U.S. Officer Defends Actions in Iraq

An American lieutenant colonel in Iraq who faces a possible court martial for his method of  interrogating an Iraqi detainee told a packed courtroom of soldiers Wednesday that he was ready to give his life for any of them.

"I love the Army. I always will be a lover of the Army and I love the fact that for 20 years, I've been a soldier and it's been an honor to serve my country," Lt. Col. Allen B. West (search) said in at the U.S. military base in Saddam Hussein's hometown of Tikrit.

The highly decorated officer with the 4th Infantry Division could receive a dishonorable discharge, the loss of 20 years of benefits and up to eight years in prison if he is convicted. A military panel is weighing whether he should face a court-martial.

West is accused of manhandling and threatening to kill an Iraqi detainee, allegedly firing his gun near the man to get information on a possible plot to kill him.

West allegedly punched and fired a pistol near a prisoner, Yahya Jhodri Hamoodi, on Aug. 20 while he was being interrogated in Taji, according to Lt. Col. Jimmy Davis, who presided over the hearing.

West also allegedly threatened to kill the detainee if he did not talk, Davis said, reading from a fact sheet.

A preliminary investigation alleged that West's actions were in violation of the Uniform Code of Military Justice (search). West remained in Iraq after the incident and was assigned to other duties in the division, officials said.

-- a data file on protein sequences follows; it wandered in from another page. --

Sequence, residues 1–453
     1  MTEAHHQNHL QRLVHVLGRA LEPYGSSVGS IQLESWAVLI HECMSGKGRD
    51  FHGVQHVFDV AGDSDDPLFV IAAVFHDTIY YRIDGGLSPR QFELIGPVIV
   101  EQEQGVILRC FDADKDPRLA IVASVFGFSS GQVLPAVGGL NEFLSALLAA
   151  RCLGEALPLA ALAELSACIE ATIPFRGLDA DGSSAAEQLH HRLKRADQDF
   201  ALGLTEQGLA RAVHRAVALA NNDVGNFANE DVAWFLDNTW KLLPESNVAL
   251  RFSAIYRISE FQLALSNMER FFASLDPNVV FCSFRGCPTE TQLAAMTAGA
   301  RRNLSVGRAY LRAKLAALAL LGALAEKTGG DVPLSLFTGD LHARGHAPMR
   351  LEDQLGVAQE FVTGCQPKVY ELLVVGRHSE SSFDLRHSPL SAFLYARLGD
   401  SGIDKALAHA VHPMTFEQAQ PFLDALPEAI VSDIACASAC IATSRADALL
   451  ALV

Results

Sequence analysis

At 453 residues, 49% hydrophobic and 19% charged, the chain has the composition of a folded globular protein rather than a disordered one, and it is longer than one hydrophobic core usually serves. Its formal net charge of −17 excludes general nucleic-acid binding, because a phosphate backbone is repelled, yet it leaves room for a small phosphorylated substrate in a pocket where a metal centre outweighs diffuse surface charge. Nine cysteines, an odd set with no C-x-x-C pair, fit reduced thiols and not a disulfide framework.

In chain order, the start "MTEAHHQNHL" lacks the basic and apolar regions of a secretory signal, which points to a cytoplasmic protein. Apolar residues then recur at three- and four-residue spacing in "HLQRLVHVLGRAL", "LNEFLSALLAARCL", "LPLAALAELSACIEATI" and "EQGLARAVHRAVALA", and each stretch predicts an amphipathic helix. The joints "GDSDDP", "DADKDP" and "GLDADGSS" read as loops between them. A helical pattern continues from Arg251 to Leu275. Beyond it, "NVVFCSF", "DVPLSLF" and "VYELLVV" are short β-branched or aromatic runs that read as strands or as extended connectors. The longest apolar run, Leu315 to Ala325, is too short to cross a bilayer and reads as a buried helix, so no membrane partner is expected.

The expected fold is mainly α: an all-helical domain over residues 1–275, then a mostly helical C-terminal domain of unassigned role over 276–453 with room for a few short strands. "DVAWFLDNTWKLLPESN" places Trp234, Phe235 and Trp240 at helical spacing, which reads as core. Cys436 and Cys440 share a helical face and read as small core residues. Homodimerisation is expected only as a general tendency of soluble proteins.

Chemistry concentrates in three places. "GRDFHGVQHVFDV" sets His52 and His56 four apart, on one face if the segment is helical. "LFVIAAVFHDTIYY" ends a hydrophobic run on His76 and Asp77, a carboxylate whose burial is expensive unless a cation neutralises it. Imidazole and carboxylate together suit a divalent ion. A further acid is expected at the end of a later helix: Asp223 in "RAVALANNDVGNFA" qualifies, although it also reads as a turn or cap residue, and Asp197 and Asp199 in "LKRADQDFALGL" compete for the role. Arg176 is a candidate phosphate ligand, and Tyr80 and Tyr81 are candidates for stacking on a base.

The 4th Infantry Division has jurisdiction over areas west and north of Baghdad, including parts of the violent so-called "Sunni Triangle."

In an interview with Fox News, West's wife described him as a "dedicated soldier" who was doing what he thought was necessary to get information from the detainee.

"My husband is a patriot. He loves his country. He loves his Army," Angela West said.

Angela West said the experience of watching her husband go through the inquiry and the prospect that me might face a court martial was traumatic. One of the most hurtful aspects, she said, was the negative reaction she's gotten from others in the military community.

"We have been shunned. We're isolated," she said. "I understand that people want to make rank and they want to please their superiors but I feel as though it's not the right way to do it when they go against the wife and children."

Angela West said her daughter went so far as to change her name in school because she feels completely ostracized. "We've had a really rough time of it here," she said.

But she said that she has gotten tremendously supportive e-mails from the general public and she said her faith in her husband is unwavering.

"My husband did what he had to do to save his men and to bring them back," Angela West said.

Fox News' Steve Harrigan in Tikrit and The Associated Press contributed to this report.